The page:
The Logan County Health District and local law enforcement are frustrated about the time it’s taking state officials to finish a case against a local tire dump that has more than one million tires.
Craig Kauffman, the health district’s environmental health director, first cited the owner of the site, Rodney Burnside, last September. The Ohio Environmental Protection Agency and Ohio Bureau of Criminal Investigations executed a search warrant on the property, Freedom Recovery and Recycling, 4971 County Road 130, in November.
EPA Spokeswoman Dina Pierce declined to comment, citing it is an ongoing investigation. Burnside was not at the dump site and did not return phone calls to the Springfield News-Sun.
“We would have hoped for a little quicker action,” said Kauffman of the EPA and BCI. “Eventually, if the state doesn’t act we will have to do something locally.”
The most immediate danger the tires present is being a breeding ground for mosquitoes this spring, said Kauffman. The type of mosquitoes that carry diseases are most attracted to breeding in tires, he added.
Each tire can contain between 10 to 30 mosquito larvae and with more than one million tires it could present a nuisance to the community, Kauffman said.
This week Logan County Prosecutor William Goslee and Logan County Sheriff Andrew Smith met with the health district to discuss local actions that could be taken to move the investigation along.
“The focus was on where the investigation is at this point and reaching out to the EPA and Attorney General’s office to see if locals could assist in finishing up the investigation,” Smith said.
Smith said the EPA told him that they were still trying to coordinate an interview with the land owner at the site.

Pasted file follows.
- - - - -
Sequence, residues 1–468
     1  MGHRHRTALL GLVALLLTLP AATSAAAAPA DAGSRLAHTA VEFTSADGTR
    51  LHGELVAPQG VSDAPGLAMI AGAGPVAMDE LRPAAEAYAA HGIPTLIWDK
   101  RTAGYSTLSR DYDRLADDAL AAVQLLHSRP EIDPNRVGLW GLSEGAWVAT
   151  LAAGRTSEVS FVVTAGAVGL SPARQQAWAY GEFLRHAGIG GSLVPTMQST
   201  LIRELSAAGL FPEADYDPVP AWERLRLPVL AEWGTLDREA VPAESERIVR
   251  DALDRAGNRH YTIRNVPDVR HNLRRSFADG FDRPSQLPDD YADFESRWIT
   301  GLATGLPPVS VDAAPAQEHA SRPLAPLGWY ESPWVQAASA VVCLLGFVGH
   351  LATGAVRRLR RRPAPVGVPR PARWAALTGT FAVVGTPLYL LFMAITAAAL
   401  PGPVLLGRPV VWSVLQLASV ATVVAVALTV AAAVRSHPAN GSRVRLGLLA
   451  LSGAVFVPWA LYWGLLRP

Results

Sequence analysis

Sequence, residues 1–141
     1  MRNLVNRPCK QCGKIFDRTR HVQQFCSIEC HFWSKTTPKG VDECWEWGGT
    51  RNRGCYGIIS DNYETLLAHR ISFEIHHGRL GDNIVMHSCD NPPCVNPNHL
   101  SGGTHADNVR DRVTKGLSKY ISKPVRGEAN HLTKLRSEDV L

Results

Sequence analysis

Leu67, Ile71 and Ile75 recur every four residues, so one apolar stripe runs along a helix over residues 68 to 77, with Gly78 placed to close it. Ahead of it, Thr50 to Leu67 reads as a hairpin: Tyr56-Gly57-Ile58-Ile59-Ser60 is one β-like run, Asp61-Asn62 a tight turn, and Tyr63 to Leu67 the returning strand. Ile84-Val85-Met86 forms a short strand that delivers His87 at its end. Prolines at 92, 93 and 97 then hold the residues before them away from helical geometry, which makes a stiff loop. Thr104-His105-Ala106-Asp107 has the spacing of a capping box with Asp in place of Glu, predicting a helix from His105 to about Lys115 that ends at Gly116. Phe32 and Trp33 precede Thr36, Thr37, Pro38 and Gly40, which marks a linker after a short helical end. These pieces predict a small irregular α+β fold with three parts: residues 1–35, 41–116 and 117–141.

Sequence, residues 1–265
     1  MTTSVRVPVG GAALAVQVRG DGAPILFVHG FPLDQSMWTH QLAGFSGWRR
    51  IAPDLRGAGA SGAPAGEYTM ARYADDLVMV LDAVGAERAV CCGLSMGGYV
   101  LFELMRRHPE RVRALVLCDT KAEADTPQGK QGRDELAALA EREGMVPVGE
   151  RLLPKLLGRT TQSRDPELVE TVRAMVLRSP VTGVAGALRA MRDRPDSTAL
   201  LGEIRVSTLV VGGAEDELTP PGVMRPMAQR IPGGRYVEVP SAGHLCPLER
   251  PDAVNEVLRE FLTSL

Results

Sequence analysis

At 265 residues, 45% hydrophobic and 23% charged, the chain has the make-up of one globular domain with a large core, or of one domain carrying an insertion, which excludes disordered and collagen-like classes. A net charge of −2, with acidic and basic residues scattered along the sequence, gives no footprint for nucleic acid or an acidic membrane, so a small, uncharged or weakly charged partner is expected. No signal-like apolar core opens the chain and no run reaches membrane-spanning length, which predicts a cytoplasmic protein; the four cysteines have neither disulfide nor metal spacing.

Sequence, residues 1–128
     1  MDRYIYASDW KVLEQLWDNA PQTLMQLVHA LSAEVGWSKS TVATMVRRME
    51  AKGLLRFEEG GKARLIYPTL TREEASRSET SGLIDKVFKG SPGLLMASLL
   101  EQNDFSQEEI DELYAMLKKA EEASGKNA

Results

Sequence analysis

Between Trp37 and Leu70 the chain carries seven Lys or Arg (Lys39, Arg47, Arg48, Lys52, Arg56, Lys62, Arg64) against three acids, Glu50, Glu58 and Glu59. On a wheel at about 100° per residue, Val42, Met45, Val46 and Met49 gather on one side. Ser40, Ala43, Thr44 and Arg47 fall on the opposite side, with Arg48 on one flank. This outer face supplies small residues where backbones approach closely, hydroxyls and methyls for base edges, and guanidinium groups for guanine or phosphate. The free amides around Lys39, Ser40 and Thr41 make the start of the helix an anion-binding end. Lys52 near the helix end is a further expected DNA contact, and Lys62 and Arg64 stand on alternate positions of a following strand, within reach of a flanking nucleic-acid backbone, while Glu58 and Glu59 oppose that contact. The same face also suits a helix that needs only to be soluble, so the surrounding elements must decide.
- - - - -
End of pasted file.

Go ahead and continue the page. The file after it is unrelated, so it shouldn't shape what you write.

The other major public safety concern is that if the tires were to catch on fire.
Not only can it be a danger to firefighters and neighbors, tire fires can contaminate the air, soil and ground, Kauffman said. If the tires were to catch fire, they can create a toxic sludge that can ruin the soil and get into the ground water.
Local officials decided at this time they would not pursue any local action in fear of double jeopardy against the property.
“I don’t want to be out here for a (bon)fire and be getting eat up,” Doug Johns of Huntsville said.
Johns lives just a few hundred yards from the dump and said he sees the site continuing to get more tires.
“I see at least two or three trucks a week still come here,” he said.
If the state does not finish its investigation and take actions to remove the tires from the site, local action could still take place at some point, Kauffman said.
The health department could request a court order to remove the tires from the area or pursue felony criminal charges against Burnside for operating a tire facility without a license, he added.